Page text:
Birds

Boadzulu Island in the SeA_LM is home to many types of birds, including the kingfisher, fish eagles and cormorants. While the main source of food for the birds is fish, the fish also benefit from bird droppings as a source of feed and nutrients for primary production. These birds are a tourist attraction for visitors who travel to the island. However, the use of speedboats within the area creates conflict with local fishers especially when boats damage fishing nets or when engine propellers are damaged while caught in fishing nets.

Water quality

The availability of abundant and good quality water is essential for fisheries production. Water level fluctuations in Lake Malawi that might pose a threat to fisheries production are minor now. The total volume of Lake Malawi is approximately 8,000 km3, while the amount of water leaving the lake through the Shire River and evaporation is less than 1% (Bootsma and Hecky, 1993). However, climate change could affect this balance. The quality of water in Lake Malawi is still in relatively good condition, although effects from sedimentation/siltation and nutrient enrichment from farmlands may cause deterioration. Pollution of water can result from several factors, including mining, through both the introduction of chemicals as well as through increased loading of suspended solids. The newly established cement manufacturing company (Njereza Cement Company) at Makawa could be a new source of pollution if the operations are not properly planned and monitored. Other factors include agricultural activities–through the introduction of pesticides and chemical fertilisers; tourism and domestic waste–organic pollution from sewage effluent (e.g. increased nutrient loading and faecal coliforms); urbanisation–sewage effluent and industrial effluent; and aquaculture–the introduction of intensive cage culture (especially from unconsumed fish feed). Other potential threats to water quality include: nutrient loading from inflowing rivers and atmospheric deposition.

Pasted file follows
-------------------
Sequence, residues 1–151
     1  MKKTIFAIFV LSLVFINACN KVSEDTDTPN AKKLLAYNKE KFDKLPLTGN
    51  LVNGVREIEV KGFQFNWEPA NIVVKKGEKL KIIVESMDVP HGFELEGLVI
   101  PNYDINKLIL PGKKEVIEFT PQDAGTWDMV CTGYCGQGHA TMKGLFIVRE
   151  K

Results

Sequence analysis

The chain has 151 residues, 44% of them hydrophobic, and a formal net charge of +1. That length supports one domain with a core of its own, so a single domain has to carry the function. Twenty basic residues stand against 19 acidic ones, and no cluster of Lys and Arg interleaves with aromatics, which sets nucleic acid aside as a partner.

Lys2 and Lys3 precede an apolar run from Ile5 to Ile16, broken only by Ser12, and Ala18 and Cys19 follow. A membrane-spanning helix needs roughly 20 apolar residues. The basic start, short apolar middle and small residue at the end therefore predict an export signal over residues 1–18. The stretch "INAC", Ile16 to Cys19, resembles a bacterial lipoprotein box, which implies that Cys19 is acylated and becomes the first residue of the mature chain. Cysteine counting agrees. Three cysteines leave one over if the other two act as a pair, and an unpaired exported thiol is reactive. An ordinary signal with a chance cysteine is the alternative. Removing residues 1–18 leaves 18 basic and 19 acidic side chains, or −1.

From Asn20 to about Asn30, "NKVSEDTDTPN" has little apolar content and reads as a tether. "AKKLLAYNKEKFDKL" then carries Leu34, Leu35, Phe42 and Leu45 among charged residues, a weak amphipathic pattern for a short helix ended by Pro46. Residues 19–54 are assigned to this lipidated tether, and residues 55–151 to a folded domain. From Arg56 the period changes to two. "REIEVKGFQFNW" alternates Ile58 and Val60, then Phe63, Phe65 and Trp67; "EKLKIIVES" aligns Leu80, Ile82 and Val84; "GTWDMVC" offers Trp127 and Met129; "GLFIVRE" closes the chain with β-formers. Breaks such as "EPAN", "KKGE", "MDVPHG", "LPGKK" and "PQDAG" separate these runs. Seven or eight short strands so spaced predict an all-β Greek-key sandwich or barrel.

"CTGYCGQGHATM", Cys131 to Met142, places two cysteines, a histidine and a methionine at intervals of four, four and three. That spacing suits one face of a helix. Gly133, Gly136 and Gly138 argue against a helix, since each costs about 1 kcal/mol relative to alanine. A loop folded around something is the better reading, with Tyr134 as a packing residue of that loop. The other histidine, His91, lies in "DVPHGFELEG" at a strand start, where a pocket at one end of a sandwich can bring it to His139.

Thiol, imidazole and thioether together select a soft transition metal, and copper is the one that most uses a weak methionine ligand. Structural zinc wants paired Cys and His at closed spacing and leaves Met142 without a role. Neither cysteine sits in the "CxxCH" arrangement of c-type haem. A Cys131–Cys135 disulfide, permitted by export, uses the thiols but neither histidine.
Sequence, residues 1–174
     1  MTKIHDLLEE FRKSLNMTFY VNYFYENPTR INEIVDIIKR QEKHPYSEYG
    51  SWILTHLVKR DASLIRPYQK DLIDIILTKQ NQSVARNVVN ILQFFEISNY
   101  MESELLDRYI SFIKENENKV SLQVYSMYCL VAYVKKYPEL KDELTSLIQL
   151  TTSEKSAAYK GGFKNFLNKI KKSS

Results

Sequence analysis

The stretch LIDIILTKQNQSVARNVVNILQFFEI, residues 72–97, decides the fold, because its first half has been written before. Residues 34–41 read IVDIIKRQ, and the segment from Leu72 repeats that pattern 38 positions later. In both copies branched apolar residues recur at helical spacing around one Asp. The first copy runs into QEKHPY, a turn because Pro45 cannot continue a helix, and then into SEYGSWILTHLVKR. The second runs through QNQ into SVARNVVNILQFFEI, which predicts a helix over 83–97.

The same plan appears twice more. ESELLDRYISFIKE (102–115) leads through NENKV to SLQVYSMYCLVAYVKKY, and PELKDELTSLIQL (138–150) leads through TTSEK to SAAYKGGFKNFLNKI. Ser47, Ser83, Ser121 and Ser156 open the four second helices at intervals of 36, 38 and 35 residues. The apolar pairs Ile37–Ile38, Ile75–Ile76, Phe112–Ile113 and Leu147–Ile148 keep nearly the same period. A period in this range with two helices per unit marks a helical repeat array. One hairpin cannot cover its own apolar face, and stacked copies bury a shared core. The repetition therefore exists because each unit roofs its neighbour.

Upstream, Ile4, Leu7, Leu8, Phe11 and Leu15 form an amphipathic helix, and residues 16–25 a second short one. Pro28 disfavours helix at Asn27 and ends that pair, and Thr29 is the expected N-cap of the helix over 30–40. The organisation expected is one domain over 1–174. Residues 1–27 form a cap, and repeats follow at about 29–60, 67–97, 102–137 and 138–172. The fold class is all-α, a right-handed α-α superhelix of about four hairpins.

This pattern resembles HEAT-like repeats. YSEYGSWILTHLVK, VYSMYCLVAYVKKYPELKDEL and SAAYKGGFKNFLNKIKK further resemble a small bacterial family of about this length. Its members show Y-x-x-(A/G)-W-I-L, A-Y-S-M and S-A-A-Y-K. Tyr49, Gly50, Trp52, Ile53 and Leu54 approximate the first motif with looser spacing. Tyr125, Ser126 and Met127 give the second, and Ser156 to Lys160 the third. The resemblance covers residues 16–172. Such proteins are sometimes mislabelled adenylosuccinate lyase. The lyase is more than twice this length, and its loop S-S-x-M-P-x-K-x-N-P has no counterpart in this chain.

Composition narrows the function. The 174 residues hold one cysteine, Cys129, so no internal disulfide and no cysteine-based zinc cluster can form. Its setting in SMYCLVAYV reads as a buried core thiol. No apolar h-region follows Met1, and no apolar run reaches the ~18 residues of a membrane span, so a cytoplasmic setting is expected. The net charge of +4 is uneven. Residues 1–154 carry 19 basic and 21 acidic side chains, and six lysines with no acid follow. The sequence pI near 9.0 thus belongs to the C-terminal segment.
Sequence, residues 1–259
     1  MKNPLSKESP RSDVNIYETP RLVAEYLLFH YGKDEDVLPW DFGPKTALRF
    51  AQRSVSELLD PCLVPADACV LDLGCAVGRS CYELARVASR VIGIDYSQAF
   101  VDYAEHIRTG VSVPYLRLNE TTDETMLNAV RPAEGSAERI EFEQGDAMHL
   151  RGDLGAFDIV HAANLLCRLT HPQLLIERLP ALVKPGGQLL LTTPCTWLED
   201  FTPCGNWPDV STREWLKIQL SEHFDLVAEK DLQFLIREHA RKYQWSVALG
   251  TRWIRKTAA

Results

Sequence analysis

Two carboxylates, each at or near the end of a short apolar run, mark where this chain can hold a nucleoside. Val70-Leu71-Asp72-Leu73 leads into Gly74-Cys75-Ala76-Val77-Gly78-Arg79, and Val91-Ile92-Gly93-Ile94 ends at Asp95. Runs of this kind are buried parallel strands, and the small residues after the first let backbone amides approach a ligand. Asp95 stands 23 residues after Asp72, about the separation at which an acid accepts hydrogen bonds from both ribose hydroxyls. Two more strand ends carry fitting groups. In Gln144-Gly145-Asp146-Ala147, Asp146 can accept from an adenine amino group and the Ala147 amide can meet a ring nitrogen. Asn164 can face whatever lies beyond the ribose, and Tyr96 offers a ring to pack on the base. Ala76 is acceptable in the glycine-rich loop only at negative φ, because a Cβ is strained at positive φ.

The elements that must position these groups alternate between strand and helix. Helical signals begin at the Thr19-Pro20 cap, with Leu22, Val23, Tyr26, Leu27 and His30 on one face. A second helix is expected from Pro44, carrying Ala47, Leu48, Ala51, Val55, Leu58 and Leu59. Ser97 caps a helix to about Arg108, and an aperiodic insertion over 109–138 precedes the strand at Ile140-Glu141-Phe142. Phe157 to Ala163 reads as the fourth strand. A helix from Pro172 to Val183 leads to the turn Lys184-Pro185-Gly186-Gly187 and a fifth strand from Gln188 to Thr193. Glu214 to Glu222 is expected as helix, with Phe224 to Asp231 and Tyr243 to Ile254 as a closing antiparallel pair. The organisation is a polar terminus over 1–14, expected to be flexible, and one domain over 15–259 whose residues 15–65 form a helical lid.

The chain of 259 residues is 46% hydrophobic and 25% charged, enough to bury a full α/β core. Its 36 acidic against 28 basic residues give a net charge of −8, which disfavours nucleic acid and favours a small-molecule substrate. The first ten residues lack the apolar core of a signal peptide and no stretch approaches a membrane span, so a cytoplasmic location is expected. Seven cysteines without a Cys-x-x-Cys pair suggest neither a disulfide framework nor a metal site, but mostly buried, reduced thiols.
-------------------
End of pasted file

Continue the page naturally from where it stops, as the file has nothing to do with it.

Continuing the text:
Discussion

Impacts of fragmented management

Important aspects of fragmentation in the management of fisheries and other resources on the SeA_LM relate to institutions and governance. Formal policies and legislation are not aligned. As noted above, tourism development is affecting access to the beaches for fishing and domestic uses by communities. Agricultural activities are having an impact on forest cover, soil erosion and siltation/turbidity of the lake. In addition, formal government policies and regulations are not necessarily in line with informal and customary norms and practices. For example, traditional chiefs have powers over customary land, forests and fishing activities in their areas. While these powers are meant to be exercised in support of their people, some chiefs give away or sell land and beaches, limiting or even denying their people access to and use of such resources. With respect to the powers of traditional chiefs over natural resources, there is at times a grey area surrounding their powers and those of government (Donda and Hara, 2014). This has become a real issue along the lake regarding the use of customary land for developments such as holiday and private resorts. Where does the limit for chiefs to give or sell such land and beaches end and where does government's responsibility and role begin? This is also a concern about access to public land along the lake.